Keywords
Last Name

Farzad Mortazavi, PhD

TitleAssistant Professor
InstitutionBoston University School of Medicine
DepartmentAnatomy & Neurobiology
Address700 Albany St Ctr for Adv Biomed Res
Boston MA 02118
Phone(617) 638-4134
Email
ORCID ORCID Icon0000-0002-1911-5428
 Research Expertise & Professional Interests
Dr. Mortazavi received his B.A. in psychology from the University of South Florida, M.S at Central Michigan University, and his Ph.D. at Northeastern University in Experimental Psychology and Behavioral Neuroscience. As a postdoctoral fellow, he was a Michel J. Fox Foundation Fellow in the Department of Neurology at UCLA where his studies focused on molecular and neuroanatomical changes in neurodegenerative disorders. He is currently an Assistant Professor in the Department of Anatomy and Neurobiology and his primary research is focused on 3D farzad_2reconstruction of white-matter pathways and cortical columns using Confocal Microscopy, 2-photon Microscopy and statistical physics for analysis of these types of big data. He also collaborates with Drs. Moss, Rosene, Killiany, and Moore in the Laboratory for Cognitive Neurobiology. The laboratory focuses on the effects of normal aging on structure and function of cerebral cortex and cortical ischemia in a non-human primate model.

Dr. Mortazavi teaches the statistics course in the department of Anatomy and Neurobiology and has been training students in immunohistochemistry, cell counts and image analysis among other techniques. He is actively involved in the Forensic Anthropology program where he teaches Experimental Design and Analysis for Forensic Anthropologists.

 Publications
Publications listed below are automatically derived from MEDLINE/PubMed and other sources, which might result in incorrect or missing publications. Faculty can login to make corrections and additions.
List All   |   Timeline
  1. Richter F, Gabby L, McDowell KA, Mulligan CK, De La Rosa K, Sioshansi PC, Mortazavi F, Cely I, Ackerson LC, Tsan L, Murphy NP, Maidment NT, Chesselet MF. Effects of decreased dopamine transporter levels on nigrostriatal neurons and paraquat/maneb toxicity in mice. Neurobiol Aging. 2016 Dec 01; 51:54-66. PMID: 28038352.
    View in: PubMed
  2. Mortazavi F, Wang X, Rosene DL, Rockland KS. White Matter Neurons in Young Adult and Aged Rhesus Monkey. Front Neuroanat. 2016; 10:15. PMID: 26941613.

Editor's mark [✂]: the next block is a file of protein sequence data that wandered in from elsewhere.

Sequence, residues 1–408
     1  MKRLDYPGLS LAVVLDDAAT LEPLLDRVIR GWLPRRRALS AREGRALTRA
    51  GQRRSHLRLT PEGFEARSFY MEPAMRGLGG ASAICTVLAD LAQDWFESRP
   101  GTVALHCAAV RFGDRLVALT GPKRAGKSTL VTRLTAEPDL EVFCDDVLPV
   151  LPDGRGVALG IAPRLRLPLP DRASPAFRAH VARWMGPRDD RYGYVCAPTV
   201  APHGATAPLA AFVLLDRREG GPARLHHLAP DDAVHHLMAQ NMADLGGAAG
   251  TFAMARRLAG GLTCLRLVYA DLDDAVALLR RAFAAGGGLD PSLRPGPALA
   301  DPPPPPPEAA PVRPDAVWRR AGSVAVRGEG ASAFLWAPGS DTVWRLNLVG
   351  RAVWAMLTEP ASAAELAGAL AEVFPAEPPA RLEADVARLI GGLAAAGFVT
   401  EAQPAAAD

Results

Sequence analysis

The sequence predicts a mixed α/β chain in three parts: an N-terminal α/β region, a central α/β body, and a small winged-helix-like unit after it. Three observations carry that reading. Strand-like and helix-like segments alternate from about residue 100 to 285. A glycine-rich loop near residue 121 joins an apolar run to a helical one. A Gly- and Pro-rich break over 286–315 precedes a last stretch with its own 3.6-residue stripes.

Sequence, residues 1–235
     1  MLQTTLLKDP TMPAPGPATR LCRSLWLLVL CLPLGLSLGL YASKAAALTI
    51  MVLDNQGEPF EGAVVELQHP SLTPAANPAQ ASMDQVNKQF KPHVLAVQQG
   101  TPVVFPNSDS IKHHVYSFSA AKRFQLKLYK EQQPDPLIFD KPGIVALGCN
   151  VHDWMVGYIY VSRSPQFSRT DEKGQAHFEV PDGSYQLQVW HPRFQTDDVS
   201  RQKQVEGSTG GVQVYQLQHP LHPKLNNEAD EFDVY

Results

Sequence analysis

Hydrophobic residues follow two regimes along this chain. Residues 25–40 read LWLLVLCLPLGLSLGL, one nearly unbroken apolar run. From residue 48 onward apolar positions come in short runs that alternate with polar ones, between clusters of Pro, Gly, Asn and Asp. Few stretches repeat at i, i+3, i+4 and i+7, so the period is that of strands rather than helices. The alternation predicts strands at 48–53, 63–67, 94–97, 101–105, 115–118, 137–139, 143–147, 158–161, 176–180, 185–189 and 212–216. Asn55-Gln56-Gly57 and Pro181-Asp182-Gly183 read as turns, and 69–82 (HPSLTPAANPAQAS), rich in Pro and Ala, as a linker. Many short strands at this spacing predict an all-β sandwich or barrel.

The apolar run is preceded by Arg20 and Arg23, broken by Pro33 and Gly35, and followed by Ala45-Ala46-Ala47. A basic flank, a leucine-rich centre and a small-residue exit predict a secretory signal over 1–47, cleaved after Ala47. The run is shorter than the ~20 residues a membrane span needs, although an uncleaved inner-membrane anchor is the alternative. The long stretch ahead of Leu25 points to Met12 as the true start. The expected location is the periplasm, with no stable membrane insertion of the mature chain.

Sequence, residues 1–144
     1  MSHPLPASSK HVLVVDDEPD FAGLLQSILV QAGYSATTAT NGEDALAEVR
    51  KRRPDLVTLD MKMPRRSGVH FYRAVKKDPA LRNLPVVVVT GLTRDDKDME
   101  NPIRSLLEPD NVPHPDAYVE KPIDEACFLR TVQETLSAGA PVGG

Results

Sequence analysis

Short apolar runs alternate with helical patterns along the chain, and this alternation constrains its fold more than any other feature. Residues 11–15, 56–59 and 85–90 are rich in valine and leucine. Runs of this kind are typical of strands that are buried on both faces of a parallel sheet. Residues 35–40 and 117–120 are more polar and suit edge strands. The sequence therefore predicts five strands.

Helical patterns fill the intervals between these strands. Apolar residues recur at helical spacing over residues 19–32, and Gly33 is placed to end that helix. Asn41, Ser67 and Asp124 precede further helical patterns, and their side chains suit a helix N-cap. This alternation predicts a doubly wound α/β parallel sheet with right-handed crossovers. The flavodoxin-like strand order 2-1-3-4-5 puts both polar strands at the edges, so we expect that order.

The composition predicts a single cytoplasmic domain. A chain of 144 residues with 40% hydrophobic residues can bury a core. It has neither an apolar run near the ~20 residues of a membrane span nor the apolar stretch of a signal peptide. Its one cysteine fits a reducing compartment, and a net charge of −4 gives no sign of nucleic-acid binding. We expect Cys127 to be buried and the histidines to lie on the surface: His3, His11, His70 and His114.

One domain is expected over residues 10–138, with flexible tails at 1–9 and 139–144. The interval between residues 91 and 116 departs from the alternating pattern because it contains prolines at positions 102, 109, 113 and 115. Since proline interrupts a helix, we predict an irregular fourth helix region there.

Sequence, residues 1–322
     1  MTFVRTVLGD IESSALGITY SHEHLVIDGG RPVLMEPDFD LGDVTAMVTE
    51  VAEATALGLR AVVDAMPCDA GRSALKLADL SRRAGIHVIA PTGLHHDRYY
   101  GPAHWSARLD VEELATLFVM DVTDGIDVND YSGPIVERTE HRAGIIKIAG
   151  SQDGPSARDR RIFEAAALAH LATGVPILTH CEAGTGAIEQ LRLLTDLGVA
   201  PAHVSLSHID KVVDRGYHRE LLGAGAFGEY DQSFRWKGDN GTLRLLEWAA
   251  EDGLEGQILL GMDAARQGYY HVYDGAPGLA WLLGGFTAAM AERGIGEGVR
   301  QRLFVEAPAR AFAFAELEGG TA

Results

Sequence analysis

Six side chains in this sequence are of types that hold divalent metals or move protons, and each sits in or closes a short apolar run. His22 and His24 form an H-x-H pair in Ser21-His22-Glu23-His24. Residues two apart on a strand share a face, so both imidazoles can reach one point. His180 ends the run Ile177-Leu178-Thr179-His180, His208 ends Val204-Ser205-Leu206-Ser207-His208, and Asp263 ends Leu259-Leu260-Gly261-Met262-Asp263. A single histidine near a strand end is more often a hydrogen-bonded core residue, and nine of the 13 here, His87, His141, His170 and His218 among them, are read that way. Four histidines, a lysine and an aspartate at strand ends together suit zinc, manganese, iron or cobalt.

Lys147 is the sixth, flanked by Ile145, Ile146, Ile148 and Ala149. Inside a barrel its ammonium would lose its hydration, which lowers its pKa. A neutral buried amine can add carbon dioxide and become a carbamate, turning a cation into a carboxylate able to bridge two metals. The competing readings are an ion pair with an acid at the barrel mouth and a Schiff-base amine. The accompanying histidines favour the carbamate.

View in: PubMed
  3. Farzad Mortazavi, Van J. Wedeen, Douglas L. Rosene. Axons and Brain Architecture; Edited by Kathleen S. Rockland. Chapter 17: Neuroanatomical Techniques for Analysis of Axonal Trajectories in the Cerebral Cortex of the Rhesus Monkey. Elsevier. Cambridge, MA. 2015; 349-366.
  4. Richter F, Fleming SM, Watson M, Lemesre V, Pellegrino L, Ranes B, Zhu C, Mortazavi F, Mulligan CK, Sioshansi PC, Hean S, De La Rosa K, Khanna R, Flanagan J, Lockhart DJ, Wustman BA, Clark SW, Chesselet MF. A GCase chaperone improves motor function in a mouse model of synucleinopathy. Neurotherapeutics. 2014 Oct; 11(4):840-56. PMID: 25037721.
    View in: PubMed
  5. Boaks A, Siwek D, Mortazavi F. The temporal degradation of bone collagen: A histochemical approach. Forensic Sci Int. 2014 Jul; 240:104-10. PMID: 24836839.
    View in: PubMed
  6. Wedeen VJ, Rosene DL, Wang R, Dai G, Mortazavi F, Hagmann P, Kaas JH, Tseng WY. Response to comment on "the geometric structure of the brain fiber pathways". Science. 2012 Sep 28; 337(6102):1605. PMID: 23019633.
    View in: PubMed
  7. Wedeen VJ, Rosene DL, Wang R, Dai G, Mortazavi F, Hagmann P, Kaas JH, Tseng WY. The geometric structure of the brain fiber pathways. Science. 2012 Mar 30; 335(6076):1628-34. PMID: 22461612.
    View in: PubMed
  8. Hutson CB, Lazo CR, Mortazavi F, Giza CC, Hovda D, Chesselet MF. Traumatic brain injury in adult rats causes progressive nigrostriatal dopaminergic cell loss and enhanced vulnerability to the pesticide paraquat. J Neurotrauma. 2011 Sep; 28(9):1783-801. PMID: 21644813.
    View in: PubMed
  9. Fleming SM, Mulligan CK, Richter F, Mortazavi F, Lemesre V, Frias C, Zhu C, Stewart A, Gozes I, Morimoto B, Chesselet MF. A pilot trial of the microtubule-interacting peptide (NAP) in mice overexpressing alpha-synuclein shows improvement in motor function and reduction of alpha-synuclein inclusions. Mol Cell Neurosci. 2011 Mar; 46(3):597-606. PMID: 21193046.
    View in: PubMed
  10. Lu XH, Fleming SM, Meurers B, Ackerson LC, Mortazavi F, Lo V, Hernandez D, Sulzer D, Jackson GR, Maidment NT, Chesselet MF, Yang XW. Bacterial artificial chromosome transgenic mice expressing a truncated mutant parkin exhibit age-dependent hypokinetic motor deficits, dopaminergic neuron degeneration, and accumulation of proteinase K-resistant alpha-synuclein. J Neurosci. 2009 Feb 18; 29(7):1962-76. PMID: 19228951.
    View in: PubMed
  11. Chou AP, Maidment N, Klintenberg R, Casida JE, Li S, Fitzmaurice AG, Fernagut PO, Mortazavi F, Chesselet MF, Bronstein JM. Ziram causes dopaminergic cell damage by inhibiting E1 ligase of the proteasome. J Biol Chem. 2008 Dec 12; 283(50):34696-703. PMID: 18818210.
    View in: PubMed
  12. Chesselet MF, Fleming S, Mortazavi F, Meurers B. Strengths and limitations of genetic mouse models of Parkinson's disease. Parkinsonism Relat Disord. 2008; 14 Suppl 2:S84-7. PMID: 18585084.
    View in: PubMed
  13. Trksak GH, Glatt SJ, Mortazavi F, Jackson D. A meta-analysis of animal studies on disruption of spatial navigation by prenatal cocaine exposure. Neurotoxicol Teratol. 2007 Sep-Oct; 29(5):570-7. PMID: 17683902.
    View in: PubMed
  14. Mortazavi F, Ericson M, Story D, Hulce VD, Dunbar GL. Spatial learning deficits and emotional impairments in pentylenetetrazole-kindled rats. Epilepsy Behav. 2005 Dec; 7(4):629-38. PMID: 16246633.
    View in: PubMed
Farzad's Networks
Click the "See All" links for more information and interactive visualizations!
Concepts
_
BU Co-Authors
_
Similar BU People
_
Same Department